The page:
China's Inflation Eases in August

China’s rate, a recent cause of concern at home and abroad, began to ease in August, after hitting a three-year high in July, the Los Angeles Times reports:

The National Bureau of Statistics said Friday that the country’s consumer price index rose 6.2% last month from the previous August. That was down from 6.5% in July, which was a 37-month high.

Though inflation remains well above the government’s 4% annual target, analysts said the problem may have peaked, reducing the need for the government to employ tightening measures that could slow its economy.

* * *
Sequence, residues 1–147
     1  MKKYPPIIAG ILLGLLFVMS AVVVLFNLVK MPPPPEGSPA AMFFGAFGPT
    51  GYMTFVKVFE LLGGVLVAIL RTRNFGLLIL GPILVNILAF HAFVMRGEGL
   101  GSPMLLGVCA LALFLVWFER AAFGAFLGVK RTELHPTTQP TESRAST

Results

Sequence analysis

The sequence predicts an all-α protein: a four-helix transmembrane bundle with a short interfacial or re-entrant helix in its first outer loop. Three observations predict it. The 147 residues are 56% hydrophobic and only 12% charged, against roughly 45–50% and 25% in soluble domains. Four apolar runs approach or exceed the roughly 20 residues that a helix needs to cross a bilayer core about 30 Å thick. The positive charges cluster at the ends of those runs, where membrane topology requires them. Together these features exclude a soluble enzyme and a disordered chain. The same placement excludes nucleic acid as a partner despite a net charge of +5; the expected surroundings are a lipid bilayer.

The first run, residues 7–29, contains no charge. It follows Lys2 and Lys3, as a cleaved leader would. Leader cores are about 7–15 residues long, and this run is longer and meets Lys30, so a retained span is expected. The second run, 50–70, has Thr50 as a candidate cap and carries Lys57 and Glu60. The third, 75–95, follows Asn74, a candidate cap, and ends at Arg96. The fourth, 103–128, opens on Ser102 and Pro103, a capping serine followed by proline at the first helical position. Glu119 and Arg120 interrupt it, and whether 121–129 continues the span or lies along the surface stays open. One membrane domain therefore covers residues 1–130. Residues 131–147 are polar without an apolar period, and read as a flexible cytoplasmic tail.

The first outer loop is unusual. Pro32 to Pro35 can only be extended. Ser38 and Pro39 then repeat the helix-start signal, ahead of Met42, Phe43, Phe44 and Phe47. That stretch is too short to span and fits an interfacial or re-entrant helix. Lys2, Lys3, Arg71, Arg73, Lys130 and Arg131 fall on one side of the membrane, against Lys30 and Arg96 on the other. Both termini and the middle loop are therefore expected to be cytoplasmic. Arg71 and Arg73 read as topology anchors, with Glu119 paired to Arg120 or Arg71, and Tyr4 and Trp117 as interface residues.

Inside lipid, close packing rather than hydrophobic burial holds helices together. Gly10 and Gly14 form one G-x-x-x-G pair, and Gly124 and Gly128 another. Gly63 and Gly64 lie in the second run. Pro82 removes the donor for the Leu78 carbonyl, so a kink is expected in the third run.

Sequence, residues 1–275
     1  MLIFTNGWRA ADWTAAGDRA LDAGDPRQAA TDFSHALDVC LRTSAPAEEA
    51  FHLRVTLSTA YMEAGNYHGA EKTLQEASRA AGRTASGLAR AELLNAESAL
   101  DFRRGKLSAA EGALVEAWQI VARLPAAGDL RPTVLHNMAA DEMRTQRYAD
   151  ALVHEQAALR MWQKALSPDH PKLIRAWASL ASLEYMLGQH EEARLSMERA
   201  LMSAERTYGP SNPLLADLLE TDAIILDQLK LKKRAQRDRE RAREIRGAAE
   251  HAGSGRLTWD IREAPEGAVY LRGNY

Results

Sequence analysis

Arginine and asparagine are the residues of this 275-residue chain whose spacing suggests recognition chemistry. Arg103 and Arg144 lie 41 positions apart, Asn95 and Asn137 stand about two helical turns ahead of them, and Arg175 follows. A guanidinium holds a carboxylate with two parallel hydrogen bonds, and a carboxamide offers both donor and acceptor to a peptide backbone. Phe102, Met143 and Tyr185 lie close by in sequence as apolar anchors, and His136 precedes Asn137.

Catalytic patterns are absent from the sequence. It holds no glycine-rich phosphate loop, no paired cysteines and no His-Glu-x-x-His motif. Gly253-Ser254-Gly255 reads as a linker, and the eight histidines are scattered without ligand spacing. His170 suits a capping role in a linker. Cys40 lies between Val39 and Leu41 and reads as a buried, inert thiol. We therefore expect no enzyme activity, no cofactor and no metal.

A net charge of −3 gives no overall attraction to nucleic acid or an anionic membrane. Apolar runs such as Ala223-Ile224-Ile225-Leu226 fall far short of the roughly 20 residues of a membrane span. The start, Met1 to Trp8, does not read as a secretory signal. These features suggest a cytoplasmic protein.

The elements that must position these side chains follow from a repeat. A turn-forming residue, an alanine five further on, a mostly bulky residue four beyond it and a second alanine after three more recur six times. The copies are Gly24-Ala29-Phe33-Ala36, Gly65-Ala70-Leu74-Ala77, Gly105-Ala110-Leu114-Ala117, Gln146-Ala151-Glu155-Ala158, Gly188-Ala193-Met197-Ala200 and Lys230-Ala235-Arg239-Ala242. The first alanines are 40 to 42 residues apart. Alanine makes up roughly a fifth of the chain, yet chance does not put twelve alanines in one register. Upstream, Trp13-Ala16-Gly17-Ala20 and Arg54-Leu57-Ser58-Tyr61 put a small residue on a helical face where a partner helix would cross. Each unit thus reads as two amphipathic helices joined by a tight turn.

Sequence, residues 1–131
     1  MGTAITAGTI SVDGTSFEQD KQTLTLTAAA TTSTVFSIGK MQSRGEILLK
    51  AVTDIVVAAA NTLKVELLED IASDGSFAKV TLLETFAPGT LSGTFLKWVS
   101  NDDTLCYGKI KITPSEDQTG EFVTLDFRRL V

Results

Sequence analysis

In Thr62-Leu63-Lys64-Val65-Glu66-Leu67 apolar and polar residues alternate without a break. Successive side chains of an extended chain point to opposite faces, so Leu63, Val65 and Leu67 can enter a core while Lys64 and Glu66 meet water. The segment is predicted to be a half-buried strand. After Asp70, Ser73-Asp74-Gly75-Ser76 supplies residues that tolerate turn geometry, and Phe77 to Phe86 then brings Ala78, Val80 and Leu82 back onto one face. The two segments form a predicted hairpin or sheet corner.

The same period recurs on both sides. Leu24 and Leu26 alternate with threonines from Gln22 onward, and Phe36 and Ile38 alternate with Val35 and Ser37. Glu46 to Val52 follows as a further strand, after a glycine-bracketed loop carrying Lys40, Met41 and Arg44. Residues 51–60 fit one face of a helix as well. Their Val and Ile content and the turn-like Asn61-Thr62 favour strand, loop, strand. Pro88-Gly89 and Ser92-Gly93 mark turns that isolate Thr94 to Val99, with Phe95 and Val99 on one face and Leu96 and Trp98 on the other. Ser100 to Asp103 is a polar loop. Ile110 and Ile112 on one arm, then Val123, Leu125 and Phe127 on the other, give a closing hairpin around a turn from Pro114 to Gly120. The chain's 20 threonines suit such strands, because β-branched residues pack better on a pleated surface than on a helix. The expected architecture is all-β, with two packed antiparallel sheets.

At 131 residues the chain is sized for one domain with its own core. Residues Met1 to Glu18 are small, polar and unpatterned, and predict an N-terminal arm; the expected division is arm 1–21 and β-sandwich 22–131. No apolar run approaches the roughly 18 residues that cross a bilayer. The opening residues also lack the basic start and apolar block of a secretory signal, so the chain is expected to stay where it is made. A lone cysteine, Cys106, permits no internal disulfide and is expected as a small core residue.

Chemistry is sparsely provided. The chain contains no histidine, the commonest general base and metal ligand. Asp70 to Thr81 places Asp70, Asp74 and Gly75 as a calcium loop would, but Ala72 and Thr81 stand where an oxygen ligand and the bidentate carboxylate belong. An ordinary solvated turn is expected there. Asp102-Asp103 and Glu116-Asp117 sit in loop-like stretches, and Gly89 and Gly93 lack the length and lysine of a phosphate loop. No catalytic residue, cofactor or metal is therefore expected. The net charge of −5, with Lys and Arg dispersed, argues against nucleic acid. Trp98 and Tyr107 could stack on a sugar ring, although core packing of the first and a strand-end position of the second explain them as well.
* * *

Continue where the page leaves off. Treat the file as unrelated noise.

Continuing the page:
“The moderation in the CPI reading is encouraging and could give the government more policy leeway at a time when market concerns have shifted toward the potential for slower growth in the global economy,” said Jing Ulrich, JP Morgan’s chairman of global markets for China.

Falling food prices were largely responsible for tempering inflation last month, rising 13.4% from a year earlier compared with 14.8% in July.

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